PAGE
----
This Monday, rather than going over a specific food, I’m going to take you on a journey to a food destination not to be missed in the country of my birth, the Netherlands.
We’re going to the Poffertjes Kraam Cornelis De Haan in Laren in the Province of Noord-Holland. A Poffertjes Kraam is a semi-fixed establishment, where the delicious poffertjes are prepared. First, let me explain to you what poffertjes are, in case you have never experienced them yet.
Poffertjes (POH-fur-tjes) resemble small, fluffy pancakes, that are made with yeast and buckwheat flour. Unlike American pancakes, they have a light, spongy texture. Typically, poffertjes are served with powdered sugar and butter, and sometimes syrup or advocate (a Dutch eggnog-like brandy).
Mainly in the summer season, temporary stands selling poffertjes are quite popular, and sell portions containing one or two dozen of them. Usually the cook prepares them freshly for the customer. They are sold on a small cardboard (sometimes plastic) plate and come with a small disposable fork the size of a pastry fork. Poffertjes are not difficult to prepare, but a special cast iron pan or copper pan (also available in aluminium with Teflon coating) with several shallow indentations in the bottom is required.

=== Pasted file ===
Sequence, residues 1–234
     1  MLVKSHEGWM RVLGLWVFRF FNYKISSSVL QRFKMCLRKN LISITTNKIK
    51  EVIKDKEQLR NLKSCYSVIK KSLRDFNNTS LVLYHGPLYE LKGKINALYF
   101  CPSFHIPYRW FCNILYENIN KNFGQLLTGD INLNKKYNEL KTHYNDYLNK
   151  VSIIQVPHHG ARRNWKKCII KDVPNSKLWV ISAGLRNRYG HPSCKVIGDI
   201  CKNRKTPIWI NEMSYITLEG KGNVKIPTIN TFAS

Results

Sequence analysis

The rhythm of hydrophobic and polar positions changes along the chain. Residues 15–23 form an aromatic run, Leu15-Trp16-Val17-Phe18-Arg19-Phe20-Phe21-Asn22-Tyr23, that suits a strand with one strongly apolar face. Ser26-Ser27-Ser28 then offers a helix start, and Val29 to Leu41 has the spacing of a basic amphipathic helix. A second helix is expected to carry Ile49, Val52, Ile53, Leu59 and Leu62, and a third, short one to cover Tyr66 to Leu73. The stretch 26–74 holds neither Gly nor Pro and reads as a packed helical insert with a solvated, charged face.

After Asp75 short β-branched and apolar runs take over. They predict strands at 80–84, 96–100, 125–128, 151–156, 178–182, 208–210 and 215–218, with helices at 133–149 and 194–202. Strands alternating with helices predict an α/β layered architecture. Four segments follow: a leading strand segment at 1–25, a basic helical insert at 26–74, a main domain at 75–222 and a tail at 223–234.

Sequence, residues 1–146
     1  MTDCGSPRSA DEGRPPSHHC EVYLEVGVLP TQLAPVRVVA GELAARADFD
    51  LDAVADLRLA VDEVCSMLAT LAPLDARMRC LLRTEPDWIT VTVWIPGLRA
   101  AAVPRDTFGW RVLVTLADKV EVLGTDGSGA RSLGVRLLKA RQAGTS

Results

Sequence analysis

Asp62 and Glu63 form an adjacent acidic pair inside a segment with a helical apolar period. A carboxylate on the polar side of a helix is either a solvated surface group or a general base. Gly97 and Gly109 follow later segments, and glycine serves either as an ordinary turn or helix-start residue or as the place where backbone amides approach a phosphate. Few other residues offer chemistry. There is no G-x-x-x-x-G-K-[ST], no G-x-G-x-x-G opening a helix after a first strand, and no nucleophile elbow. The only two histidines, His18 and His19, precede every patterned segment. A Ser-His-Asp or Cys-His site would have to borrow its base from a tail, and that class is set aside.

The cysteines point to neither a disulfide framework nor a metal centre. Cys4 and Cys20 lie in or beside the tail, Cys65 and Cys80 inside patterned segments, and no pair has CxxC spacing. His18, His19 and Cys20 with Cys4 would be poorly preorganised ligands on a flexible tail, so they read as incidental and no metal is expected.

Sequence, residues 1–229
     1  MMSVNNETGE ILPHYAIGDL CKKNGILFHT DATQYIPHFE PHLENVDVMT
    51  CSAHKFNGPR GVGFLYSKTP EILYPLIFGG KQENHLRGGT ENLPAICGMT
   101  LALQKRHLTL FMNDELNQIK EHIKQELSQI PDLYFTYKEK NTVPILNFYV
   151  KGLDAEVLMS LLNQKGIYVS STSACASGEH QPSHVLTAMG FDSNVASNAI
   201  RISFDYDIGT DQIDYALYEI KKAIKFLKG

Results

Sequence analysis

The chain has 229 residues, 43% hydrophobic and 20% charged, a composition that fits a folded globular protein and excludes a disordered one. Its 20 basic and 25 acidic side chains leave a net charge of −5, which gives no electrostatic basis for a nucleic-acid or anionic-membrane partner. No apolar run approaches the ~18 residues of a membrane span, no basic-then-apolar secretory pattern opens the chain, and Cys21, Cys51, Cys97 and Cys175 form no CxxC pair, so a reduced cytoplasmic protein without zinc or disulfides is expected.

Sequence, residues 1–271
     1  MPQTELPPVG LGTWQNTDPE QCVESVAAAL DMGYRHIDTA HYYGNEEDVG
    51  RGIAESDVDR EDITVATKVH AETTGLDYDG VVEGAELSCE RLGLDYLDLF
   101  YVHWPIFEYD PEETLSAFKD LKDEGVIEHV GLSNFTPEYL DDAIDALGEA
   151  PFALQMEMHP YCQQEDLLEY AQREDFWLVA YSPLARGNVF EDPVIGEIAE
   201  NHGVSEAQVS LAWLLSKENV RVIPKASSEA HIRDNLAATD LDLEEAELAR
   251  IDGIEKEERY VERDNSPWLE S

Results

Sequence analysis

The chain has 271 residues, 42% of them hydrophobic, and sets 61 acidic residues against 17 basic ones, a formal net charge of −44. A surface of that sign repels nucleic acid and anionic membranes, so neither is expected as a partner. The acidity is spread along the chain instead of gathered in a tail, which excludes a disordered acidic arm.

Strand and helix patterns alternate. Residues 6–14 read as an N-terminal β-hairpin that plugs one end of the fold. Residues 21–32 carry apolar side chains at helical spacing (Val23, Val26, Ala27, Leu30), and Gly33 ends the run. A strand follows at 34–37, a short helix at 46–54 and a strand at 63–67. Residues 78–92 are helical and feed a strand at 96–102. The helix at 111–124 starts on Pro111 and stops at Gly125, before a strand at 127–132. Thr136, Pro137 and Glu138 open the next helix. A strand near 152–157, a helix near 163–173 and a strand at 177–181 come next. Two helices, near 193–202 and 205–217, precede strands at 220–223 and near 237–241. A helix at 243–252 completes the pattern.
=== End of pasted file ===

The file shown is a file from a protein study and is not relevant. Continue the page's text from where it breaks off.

Supermarkets also stock mixes for poffertjes, to which only eggs and milk need to be added. Usually they contain some kind of leavening agent like baking powder.
They can also be served with other sweet garnishes, such as syrup, whipped cream or strawberries, for added flavor.
This particular Poffertjes establishment, Cornelis De Haan, is well-known in the Netherlands for the excellent quality of their poffertjes. This establishment was owned by the De Haan family from 1837 through 1991, at which time it was bought by the current owner, Marcel Hilhorst. The stand itself originates from 1875, although it has been expanded over time. They are open from around mid-March to mid-September on all days except Monday; details can be found on their web-site (it is in Dutch only).
This image was shot with a Canon EOS 5D Mk II and an EF 24-105 f/4L lens. Exposure settings were 1/50 second at f/8 and 400 ISO.